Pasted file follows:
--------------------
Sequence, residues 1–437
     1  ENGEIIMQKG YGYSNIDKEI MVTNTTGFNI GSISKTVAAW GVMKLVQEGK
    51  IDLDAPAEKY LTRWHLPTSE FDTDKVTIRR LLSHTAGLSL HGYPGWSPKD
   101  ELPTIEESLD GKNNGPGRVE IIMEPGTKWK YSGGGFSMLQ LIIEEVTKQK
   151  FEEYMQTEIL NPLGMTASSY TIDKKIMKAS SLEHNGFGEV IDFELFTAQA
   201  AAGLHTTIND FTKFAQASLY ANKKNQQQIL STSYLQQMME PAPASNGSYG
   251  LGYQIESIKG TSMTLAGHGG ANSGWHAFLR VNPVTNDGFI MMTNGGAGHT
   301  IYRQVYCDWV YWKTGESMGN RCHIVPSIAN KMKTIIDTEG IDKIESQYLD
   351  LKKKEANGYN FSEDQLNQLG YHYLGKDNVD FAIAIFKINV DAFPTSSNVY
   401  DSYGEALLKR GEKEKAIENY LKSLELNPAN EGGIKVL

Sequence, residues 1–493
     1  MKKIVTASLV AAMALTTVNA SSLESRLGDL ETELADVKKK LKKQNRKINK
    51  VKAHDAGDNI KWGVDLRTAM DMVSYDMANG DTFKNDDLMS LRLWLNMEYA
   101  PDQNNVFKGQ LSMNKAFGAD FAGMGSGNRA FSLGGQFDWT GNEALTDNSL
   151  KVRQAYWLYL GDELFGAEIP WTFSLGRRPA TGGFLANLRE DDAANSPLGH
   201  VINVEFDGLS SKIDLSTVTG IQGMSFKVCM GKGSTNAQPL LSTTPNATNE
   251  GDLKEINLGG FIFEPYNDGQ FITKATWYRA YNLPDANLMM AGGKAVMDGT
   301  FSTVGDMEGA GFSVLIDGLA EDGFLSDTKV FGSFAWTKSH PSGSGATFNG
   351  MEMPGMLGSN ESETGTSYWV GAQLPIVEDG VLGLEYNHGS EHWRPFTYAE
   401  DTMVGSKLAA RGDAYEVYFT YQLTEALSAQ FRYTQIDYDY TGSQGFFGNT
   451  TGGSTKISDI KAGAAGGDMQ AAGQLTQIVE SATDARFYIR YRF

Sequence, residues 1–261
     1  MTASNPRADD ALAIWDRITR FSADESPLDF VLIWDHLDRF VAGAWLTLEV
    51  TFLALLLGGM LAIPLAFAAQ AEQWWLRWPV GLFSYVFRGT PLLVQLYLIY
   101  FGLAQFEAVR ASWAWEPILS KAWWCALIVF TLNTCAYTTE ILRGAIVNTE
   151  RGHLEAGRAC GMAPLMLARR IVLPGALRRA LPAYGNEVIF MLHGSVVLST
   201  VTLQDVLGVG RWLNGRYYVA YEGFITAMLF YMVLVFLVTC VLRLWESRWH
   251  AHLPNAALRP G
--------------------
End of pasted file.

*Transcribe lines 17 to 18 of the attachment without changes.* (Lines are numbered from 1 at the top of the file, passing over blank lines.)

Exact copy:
   251  GDLKEINLGG FIFEPYNDGQ FITKATWYRA YNLPDANLMM AGGKAVMDGT
   301  FSTVGDMEGA GFSVLIDGLA EDGFLSDTKV FGSFAWTKSH PSGSGATFNG